In Count IV of the complaint, plaintiff attempts to state a claim for damages directly under the Fourteenth Amendment against the individual governmental defendants who allegedly violated his rights to due process and equal protection of the laws. Defendants argue that this count should be dismissed because neither the United States Supreme Court nor the Third Circuit has ever held that the Fourteenth Amendment will support such a cause of action.

In order to dispose of this issue in the context of this case, it is not necessary to discuss, analyze or decide the question of under what, if any circumstances, a damages action can be brought directly under the Fourteenth Amendment. In Rogin v. Bensalem Township, 616 F.2d 680, 686 (3d Cir. 1980), the Third Circuit restated its view, first enunciated in Mahone v. Waddle,[14] that a Fourteenth Amendment remedy should not be implied if the plaintiff has an effective remedy under a federal statute. In the instant case, the actions by defendant officials complained of and the relief sought in Count IV mirror plaintiff's claims under sections 1983 and 1985. Mr. Riccobono, therefore, can obtain adequate redress through his federal statutory claims. Accordingly, under the principles set forth in Mahone v. Waddle and Rogin v. Bensalem Township, we will dismiss plaintiff's cause of action brought directly under the Fourteenth Amendment.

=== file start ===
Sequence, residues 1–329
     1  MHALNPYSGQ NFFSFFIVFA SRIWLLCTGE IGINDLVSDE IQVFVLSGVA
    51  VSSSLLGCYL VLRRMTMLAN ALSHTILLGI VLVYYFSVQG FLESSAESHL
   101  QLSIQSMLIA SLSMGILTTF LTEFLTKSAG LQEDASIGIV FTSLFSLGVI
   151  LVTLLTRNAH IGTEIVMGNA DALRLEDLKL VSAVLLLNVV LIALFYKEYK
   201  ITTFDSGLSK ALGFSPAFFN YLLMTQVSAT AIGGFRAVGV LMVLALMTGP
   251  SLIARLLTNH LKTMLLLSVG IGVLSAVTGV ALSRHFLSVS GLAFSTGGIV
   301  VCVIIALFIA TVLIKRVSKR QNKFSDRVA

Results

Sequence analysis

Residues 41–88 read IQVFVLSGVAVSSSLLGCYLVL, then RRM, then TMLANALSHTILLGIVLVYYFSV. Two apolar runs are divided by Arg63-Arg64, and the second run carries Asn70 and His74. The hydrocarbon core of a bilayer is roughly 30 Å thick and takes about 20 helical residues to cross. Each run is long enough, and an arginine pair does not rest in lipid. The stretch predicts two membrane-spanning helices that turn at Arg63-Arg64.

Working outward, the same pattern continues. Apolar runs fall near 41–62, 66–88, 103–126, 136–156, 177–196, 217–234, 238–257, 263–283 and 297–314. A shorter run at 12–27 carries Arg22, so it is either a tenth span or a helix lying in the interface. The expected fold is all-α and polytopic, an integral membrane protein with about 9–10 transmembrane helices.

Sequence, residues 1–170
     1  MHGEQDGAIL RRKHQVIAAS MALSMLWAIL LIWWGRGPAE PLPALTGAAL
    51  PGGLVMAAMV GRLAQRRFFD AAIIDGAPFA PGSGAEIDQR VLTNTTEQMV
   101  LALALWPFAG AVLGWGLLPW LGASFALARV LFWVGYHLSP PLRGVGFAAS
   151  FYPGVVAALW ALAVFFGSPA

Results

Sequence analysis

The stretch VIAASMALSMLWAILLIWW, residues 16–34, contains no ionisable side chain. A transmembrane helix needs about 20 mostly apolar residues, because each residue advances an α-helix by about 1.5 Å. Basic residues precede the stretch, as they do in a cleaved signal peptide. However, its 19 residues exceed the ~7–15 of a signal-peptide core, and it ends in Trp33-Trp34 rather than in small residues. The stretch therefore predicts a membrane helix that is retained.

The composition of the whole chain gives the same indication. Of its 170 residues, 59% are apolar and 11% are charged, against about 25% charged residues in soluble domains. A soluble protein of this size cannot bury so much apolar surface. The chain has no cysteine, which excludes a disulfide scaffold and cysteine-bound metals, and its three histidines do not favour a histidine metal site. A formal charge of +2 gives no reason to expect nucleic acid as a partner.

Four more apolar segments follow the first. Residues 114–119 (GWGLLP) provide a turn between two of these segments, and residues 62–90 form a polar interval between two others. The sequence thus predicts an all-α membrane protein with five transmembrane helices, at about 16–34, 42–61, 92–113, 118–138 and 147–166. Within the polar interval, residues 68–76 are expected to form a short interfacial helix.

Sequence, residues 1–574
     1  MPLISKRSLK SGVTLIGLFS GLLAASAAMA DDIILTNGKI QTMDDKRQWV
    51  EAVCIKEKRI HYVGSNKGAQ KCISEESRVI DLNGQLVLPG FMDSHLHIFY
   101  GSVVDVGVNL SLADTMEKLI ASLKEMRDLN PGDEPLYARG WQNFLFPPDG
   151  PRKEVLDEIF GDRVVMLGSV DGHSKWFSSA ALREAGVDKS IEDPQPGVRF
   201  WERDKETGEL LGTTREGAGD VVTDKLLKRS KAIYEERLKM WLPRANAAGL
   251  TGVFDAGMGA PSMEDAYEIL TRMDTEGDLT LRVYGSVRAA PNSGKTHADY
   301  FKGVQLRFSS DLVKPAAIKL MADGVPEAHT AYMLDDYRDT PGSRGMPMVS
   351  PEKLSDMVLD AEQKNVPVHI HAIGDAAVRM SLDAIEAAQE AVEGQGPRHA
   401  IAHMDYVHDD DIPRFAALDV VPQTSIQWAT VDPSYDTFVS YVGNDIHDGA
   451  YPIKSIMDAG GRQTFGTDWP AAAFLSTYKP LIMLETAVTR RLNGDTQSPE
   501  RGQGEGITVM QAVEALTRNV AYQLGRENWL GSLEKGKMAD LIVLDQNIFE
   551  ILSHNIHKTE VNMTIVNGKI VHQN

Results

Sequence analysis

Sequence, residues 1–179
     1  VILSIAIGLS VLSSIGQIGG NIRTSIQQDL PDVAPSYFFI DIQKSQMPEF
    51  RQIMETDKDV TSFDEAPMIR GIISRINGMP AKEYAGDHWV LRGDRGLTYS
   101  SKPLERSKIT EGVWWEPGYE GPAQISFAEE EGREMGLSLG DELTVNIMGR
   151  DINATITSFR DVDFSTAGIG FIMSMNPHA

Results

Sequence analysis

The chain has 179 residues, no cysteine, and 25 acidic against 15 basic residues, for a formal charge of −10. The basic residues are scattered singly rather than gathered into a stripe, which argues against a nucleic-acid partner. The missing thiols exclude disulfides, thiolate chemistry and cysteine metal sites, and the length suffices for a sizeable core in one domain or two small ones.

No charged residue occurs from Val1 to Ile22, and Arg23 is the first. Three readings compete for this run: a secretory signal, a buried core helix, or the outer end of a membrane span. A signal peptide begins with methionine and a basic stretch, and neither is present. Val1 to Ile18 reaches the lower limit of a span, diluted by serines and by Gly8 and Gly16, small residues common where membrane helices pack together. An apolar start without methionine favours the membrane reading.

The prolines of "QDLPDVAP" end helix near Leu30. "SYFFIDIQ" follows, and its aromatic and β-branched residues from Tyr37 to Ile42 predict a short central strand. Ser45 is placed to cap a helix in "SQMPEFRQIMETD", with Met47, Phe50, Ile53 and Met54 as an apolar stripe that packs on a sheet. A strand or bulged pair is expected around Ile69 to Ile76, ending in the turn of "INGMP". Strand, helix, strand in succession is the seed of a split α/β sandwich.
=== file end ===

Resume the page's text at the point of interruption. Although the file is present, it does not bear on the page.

*1377 We enter the attached order granting in part and denying in part the motion to dismiss.


[1] The parties named in the amended complaint are as follows: Whitpain Township, Max Tietjens (Township Zoning Officer), Thomas A. Ainsworth (former member, Board of Supervisors), Anthony J. DeVincent (member, Board of Supervisors), William Lechler (member, Board of Supervisors), Robert Krum (former member, Board of Supervisors), Marc B. Kaplin (Township Solicitor), Graham Swift (member, Sewer Authority), Evelyn Wilson (member, Planning Commission), Robert Whann (member, Planning Commission), Whitpain Township Sewer Authority, John and Lauranne Richwagon (members of the Blue Bell Area Taxpayers Association), Len Steiner (member of Blue Bell Area Taxpayers Association), Blue Bell Taxpayers Association, Five Point Civic Association), John J. Lombard, Jr. (member, Planning Commission), Albert DeMore (member, Planning Commission), William Dewald (member, Planning Commission), and Anthony Greco (member, Planning Commission).